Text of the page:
We’ve all had a good laugh over the years at the so bad it’s good ‘Jaws: The Revenge’.
The 1987 film directed by Joe Sargeant has become a cult classic for horror fans now, but is the novelisation any better?
Well I’d say marginally yes, although the storyline is much changed from the film version. Hank Searls who wrote the novel version of Jaws 2 returns, and gives us a deeper mythology which is only hinted at during the film.
One of Michael Brody’s lines from the film,
“You can’t believe that voodoo, sharks don’t pick out a person,” certainly forms the crux of the story.
This is through the eyes of voodoo man Papa Jacques who targets the Brody family living in the Bahamas after previous trouble with Michael, which becomes the springboard for a new series of attacks.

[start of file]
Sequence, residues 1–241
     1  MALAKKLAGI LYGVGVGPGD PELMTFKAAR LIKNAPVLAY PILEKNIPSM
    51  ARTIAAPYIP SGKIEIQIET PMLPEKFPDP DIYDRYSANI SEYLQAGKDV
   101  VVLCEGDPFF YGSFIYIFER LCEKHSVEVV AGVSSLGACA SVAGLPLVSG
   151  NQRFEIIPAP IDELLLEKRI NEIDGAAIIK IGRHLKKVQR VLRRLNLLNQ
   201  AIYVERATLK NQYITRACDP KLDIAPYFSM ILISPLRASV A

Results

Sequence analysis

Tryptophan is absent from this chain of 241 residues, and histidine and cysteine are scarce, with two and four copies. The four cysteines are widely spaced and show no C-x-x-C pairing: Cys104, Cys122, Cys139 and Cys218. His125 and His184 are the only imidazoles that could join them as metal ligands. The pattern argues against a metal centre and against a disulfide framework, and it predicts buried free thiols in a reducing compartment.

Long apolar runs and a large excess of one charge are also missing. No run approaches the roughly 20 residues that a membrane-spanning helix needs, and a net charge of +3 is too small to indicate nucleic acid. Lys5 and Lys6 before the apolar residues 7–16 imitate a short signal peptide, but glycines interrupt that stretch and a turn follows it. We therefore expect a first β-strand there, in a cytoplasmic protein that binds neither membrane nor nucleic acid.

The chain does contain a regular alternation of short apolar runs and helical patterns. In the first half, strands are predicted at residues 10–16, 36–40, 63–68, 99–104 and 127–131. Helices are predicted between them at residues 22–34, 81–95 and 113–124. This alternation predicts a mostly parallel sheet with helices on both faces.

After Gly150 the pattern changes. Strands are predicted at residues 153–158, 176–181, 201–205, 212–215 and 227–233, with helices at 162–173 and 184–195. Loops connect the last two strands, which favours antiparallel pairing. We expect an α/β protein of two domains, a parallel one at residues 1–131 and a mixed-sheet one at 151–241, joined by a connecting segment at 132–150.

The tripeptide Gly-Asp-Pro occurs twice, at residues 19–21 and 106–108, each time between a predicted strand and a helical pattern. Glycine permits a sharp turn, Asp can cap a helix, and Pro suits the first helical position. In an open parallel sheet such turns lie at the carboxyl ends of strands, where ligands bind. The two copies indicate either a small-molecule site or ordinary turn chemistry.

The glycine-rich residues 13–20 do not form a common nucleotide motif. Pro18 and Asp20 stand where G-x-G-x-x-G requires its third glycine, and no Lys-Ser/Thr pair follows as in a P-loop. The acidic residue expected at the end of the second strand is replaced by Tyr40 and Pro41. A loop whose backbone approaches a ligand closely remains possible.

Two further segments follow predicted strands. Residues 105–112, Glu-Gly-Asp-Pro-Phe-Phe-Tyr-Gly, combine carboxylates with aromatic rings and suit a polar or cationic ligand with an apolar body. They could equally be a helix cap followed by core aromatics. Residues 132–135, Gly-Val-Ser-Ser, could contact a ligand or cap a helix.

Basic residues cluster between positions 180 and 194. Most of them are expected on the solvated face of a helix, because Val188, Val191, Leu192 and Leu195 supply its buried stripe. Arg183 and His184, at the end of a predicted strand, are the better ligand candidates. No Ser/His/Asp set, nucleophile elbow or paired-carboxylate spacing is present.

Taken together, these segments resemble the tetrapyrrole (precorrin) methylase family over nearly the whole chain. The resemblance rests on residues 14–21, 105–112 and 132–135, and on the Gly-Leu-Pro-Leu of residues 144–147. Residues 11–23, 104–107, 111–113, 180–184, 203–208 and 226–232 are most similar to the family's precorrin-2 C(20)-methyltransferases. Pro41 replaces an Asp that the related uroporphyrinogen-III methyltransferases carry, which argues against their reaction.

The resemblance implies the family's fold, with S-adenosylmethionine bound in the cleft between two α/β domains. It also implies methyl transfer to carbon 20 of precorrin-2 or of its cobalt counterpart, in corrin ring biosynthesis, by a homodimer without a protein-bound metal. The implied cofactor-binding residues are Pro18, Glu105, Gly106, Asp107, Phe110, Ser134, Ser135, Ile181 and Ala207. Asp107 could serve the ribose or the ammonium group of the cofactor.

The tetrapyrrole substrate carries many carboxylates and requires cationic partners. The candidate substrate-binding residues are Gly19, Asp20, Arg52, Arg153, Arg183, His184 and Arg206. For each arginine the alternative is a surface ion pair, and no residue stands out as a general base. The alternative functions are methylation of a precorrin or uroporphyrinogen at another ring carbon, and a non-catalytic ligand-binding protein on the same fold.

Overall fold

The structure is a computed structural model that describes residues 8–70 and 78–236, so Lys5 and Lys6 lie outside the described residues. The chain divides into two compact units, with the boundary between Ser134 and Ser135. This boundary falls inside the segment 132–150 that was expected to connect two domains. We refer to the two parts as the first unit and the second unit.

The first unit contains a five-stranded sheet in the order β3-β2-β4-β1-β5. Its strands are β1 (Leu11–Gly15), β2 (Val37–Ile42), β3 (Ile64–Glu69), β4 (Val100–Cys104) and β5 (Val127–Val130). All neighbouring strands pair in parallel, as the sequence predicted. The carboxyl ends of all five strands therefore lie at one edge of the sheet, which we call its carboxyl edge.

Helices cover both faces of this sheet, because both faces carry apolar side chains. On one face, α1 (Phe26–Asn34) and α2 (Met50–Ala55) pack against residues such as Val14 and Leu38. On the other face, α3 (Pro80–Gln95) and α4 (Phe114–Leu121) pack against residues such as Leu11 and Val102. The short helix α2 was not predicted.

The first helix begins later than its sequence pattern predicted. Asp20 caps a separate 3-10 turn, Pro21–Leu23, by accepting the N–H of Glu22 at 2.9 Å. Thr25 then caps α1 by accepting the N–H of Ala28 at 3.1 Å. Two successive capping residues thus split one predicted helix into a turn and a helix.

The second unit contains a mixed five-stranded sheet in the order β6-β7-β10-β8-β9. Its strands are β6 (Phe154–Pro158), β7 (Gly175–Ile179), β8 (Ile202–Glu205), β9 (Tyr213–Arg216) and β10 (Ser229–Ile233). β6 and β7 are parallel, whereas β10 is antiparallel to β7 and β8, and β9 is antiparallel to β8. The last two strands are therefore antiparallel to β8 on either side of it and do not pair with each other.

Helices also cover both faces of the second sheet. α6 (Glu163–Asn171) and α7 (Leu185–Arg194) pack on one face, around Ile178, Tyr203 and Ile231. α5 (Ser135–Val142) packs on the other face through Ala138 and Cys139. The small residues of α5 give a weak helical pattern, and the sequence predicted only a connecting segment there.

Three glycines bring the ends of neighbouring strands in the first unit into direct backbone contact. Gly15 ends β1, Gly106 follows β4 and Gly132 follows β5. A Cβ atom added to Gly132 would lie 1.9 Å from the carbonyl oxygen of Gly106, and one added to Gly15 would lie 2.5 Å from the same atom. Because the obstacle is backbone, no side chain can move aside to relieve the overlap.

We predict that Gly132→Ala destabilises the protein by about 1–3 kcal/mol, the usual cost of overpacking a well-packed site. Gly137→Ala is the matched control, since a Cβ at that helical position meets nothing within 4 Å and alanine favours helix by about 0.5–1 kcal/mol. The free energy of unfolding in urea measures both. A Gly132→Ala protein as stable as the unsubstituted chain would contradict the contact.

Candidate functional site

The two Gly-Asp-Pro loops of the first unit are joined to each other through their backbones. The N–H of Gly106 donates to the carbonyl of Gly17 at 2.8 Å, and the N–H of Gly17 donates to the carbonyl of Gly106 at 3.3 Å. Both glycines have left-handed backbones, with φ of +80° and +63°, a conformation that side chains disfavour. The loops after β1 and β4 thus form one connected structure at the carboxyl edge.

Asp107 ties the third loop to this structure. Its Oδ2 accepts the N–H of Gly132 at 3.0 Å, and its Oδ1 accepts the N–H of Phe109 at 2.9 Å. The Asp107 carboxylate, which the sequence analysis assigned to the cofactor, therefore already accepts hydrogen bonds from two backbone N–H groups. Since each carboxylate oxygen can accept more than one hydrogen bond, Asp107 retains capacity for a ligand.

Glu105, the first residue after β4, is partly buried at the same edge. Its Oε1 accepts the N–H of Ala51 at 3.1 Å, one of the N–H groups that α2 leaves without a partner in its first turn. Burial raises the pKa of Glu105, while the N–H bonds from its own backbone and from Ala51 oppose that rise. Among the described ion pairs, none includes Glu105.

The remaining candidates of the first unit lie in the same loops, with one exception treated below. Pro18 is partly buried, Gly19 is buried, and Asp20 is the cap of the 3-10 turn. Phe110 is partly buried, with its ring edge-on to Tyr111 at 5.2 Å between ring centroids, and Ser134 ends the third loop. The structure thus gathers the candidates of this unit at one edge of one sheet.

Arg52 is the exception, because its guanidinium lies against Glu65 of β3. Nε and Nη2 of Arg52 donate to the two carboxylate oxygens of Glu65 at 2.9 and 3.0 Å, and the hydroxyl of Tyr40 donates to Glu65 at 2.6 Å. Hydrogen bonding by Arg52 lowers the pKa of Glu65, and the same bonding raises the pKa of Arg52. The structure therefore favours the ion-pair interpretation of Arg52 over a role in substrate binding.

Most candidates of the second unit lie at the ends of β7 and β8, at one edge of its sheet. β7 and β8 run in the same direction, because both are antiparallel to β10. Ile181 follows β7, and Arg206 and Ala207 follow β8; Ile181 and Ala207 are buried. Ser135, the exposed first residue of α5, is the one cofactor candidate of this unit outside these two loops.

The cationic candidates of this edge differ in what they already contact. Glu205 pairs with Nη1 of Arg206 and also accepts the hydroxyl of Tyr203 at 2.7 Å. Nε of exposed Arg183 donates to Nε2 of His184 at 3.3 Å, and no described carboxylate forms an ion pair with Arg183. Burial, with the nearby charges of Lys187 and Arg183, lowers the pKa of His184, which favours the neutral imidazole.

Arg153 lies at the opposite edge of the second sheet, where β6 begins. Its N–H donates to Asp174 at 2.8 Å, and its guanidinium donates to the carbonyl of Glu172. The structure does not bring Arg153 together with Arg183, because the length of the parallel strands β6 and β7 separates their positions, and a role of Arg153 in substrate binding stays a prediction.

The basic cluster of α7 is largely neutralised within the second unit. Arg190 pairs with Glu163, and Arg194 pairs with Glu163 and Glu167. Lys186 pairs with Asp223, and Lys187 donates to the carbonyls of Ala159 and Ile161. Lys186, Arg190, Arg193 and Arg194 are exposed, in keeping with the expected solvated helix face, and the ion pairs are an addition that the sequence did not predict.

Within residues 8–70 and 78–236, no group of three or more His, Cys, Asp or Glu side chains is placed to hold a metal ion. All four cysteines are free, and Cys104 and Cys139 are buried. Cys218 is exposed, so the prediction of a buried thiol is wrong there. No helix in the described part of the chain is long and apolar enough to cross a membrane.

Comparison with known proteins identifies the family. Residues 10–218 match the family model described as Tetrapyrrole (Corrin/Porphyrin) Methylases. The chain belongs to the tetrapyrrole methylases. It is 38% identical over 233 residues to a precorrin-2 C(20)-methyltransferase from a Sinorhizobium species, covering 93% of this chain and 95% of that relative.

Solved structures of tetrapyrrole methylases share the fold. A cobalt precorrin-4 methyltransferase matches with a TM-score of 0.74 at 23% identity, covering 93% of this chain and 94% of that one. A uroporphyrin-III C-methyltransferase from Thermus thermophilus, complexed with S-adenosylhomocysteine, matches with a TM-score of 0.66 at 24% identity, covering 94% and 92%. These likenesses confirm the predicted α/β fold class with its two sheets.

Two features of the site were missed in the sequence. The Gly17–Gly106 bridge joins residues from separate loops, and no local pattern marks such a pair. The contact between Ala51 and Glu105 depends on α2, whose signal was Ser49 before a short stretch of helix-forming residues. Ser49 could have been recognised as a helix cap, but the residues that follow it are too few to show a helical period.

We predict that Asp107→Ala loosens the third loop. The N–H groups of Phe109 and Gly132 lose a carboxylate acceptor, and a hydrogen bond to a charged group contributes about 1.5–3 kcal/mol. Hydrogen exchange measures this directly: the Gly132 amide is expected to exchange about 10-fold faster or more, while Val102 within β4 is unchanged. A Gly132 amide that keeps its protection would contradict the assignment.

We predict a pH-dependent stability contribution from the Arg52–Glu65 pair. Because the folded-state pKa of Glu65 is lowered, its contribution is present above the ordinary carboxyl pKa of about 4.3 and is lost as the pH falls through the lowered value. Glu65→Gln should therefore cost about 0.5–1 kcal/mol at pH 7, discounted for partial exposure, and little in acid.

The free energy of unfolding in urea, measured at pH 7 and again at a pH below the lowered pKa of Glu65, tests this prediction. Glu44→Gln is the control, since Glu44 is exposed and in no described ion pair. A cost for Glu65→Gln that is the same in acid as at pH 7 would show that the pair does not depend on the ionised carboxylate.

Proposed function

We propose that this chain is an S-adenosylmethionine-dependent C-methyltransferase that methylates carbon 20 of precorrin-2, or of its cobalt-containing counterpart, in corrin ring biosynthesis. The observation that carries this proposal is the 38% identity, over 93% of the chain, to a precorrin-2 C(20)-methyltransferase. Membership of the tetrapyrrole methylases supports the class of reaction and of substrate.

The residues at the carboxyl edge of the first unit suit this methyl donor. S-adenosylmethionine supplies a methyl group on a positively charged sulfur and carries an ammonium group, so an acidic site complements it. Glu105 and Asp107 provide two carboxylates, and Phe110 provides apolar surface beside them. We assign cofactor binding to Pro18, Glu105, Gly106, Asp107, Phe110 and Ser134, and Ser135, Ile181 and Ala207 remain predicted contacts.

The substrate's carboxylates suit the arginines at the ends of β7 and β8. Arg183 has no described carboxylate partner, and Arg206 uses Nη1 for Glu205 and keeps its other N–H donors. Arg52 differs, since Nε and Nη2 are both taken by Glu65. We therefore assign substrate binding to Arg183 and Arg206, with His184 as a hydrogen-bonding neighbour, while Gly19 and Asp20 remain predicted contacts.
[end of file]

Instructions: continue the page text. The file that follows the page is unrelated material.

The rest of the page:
Ellen Brody is just as whacky in the book but this time her paranoia is almost justified, whereas in the film it borders on laughable.
A side plot involving Michael Caine’s Hoagie and an attempted drug bust adds more layers to his character and provides a bit of relief from shark attacks.
Where the book falls down is the POV’s of the shark, which are written clumsily. Having read 3 of the MEG series by Steve Alten, I’d say his writing of a shark as a character is the closest we’ve come since Benchley’s seminal story.
Also Sean’s death is merely skimmed across, whereas it felt like it carried more emotional clout in the film.
The finale remains similiar, with no roaring unfortunately. By all accounts Searls novel of Jaws 2 is closer to where John Hancock wanted to take the story before he was fired from the project back in 1978, so this may be a logical next step of reading.